In preparation for RenewableUK's Green Hydrogen conference in Birmingham, Micheal Wagner, Special Advisor at Event Sponsors and hydrogen specialist AFRY explains in our guest blog how hydrogen can help the UK's energy security.
The UK energy system has provided energy consumers with high levels of security of supply and it will be important to ensure that these levels are maintained as the energy system is decarbonised. Historically the flexibility of gas supplies and gas storage has been key to meeting variability of demand in both the gas and power sectors. However, as the use of gas decreases and the level of intermittent renewables on the system increases, the challenges of matching supply and demand will increase.
Hydrogen projects will need to resolve how to supply consumer demand profiles
Providing energy security will be a particular focus for the developing hydrogen economy. Initial hydrogen projects will be small stand-alone systems on single sites or small clusters. Providing security of supply is likely to require additional investment to provide redundancy in key parts of the production process as well as investment in tank storage facilities, to provide flexibility to manage fluctuating demand and in the event of short-term production or demand outages.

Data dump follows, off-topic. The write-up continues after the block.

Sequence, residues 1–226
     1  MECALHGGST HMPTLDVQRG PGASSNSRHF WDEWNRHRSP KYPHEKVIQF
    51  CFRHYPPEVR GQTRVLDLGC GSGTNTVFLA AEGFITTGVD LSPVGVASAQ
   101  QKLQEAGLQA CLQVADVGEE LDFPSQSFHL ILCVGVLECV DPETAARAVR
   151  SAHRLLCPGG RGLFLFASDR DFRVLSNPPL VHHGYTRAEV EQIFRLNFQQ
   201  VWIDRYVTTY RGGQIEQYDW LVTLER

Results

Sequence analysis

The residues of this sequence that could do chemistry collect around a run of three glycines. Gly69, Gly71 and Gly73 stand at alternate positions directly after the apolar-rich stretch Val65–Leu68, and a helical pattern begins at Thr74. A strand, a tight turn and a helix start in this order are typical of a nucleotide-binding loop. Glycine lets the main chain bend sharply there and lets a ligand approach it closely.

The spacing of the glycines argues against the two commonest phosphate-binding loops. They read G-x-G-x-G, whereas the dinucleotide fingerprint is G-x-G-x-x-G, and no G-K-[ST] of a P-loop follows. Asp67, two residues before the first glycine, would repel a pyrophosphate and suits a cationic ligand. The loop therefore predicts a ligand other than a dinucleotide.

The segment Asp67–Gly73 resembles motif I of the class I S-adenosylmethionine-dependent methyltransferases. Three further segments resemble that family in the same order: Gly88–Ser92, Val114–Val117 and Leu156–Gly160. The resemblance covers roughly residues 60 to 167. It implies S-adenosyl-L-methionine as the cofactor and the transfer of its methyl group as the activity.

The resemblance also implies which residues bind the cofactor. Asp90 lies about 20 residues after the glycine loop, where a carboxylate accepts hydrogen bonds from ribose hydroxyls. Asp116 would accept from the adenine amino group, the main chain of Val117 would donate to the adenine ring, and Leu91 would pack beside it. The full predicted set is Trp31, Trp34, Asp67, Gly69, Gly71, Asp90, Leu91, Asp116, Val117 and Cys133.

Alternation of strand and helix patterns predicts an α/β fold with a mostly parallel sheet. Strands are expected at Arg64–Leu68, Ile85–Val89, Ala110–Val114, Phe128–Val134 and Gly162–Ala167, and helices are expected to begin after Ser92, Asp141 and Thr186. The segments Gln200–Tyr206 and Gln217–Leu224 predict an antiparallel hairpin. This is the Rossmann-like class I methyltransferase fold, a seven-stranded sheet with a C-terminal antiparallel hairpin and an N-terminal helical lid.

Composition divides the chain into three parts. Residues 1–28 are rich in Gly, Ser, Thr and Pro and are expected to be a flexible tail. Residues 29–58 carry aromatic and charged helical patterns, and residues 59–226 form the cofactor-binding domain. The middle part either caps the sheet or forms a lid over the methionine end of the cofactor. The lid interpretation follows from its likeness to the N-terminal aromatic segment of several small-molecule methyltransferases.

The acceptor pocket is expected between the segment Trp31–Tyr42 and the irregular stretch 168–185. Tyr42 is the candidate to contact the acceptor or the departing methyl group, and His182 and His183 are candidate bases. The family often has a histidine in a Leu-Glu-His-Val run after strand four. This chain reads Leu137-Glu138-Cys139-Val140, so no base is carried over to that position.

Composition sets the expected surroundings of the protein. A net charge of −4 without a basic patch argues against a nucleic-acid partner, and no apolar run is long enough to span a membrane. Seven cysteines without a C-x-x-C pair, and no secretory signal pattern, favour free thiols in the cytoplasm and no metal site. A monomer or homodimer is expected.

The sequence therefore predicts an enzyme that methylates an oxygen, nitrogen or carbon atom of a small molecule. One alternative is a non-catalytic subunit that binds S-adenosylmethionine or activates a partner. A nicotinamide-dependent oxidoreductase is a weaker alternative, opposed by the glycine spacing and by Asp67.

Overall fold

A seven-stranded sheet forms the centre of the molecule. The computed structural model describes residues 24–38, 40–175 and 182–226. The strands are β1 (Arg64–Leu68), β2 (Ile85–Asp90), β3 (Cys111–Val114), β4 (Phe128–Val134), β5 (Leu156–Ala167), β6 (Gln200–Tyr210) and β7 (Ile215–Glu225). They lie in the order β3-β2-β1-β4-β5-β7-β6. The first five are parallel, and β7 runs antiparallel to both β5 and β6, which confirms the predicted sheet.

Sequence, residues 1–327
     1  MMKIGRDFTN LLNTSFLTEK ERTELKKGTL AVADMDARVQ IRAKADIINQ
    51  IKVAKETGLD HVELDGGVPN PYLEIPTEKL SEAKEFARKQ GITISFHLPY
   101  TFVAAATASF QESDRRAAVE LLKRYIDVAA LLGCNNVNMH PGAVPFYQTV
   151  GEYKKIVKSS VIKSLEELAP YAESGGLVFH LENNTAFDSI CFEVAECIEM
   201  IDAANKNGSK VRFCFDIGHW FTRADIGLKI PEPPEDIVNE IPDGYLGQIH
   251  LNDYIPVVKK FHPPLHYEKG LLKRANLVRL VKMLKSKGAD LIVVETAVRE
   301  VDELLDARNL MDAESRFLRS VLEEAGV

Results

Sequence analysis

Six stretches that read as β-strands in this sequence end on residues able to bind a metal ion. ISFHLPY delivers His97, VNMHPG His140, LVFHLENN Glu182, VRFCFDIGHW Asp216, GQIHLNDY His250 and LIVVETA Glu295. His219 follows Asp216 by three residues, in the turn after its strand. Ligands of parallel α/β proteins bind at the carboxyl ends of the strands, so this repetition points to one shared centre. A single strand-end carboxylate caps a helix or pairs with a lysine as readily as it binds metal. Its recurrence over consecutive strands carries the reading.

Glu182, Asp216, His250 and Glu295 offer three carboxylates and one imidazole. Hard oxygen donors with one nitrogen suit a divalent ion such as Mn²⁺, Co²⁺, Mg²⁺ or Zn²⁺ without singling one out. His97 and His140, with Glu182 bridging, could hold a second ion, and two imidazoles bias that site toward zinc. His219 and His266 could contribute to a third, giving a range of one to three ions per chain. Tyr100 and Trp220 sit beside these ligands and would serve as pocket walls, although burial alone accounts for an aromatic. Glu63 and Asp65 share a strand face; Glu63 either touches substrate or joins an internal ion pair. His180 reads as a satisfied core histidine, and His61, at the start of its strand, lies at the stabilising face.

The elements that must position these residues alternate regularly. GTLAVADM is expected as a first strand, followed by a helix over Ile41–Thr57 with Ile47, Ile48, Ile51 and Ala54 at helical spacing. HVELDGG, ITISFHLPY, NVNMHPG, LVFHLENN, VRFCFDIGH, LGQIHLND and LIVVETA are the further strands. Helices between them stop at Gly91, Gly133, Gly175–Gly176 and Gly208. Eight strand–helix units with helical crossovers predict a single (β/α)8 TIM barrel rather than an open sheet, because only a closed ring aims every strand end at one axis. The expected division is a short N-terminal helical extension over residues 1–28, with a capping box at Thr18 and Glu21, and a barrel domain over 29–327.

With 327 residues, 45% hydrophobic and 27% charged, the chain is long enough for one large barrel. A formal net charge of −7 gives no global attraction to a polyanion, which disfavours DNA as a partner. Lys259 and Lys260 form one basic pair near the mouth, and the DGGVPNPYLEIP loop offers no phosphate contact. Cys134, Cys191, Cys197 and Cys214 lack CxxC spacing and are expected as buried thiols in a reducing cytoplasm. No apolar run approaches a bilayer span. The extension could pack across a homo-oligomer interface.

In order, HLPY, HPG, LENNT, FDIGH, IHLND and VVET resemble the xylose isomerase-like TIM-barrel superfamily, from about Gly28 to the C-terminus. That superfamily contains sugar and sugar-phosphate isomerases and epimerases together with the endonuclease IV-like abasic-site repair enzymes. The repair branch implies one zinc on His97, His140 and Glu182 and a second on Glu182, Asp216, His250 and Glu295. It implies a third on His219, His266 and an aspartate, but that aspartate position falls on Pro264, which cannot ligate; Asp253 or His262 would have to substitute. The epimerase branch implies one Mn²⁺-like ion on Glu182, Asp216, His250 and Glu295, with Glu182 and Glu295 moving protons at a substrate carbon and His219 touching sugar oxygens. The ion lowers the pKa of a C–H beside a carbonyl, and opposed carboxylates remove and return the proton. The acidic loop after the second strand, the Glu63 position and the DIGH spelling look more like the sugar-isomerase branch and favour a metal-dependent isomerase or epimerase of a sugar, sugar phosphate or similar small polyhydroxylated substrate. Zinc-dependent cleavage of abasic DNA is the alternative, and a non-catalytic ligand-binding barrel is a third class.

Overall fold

Supplying hydrogen to meet consumer demand profiles will be particularly challenging for standalone green hydrogen systems. These will need to use intermittent renewable production as the primary energy for electrolysers, although the Low Carbon Hydrogen Standard provides flexibility to use some grid electricity. Meeting hydrogen demand profiles will require optimisation across all elements of the project, likely requiring oversizing of key components such as renewable and electrolyser capacity as well as significant tank storage. The costs of providing security of supply will be significant, increasing hydrogen costs by 50-100% depending on project architecture.
Hydrogen developers will need to work with consumers to develop contracts which allocate the risks associated with supplying hydrogen demand fairly across counterparties. Many consumers will have some demand side flexibility, understanding the potential and costs of delivering this will be key to developing cost effective hydrogen projects providing high levels of security of supply. Where users can switch back to natural gas relatively dynamically, or accept variable blends of hydrogen and methane, this will significantly reduce the costs associated with hydrogen supply, especially for early projects.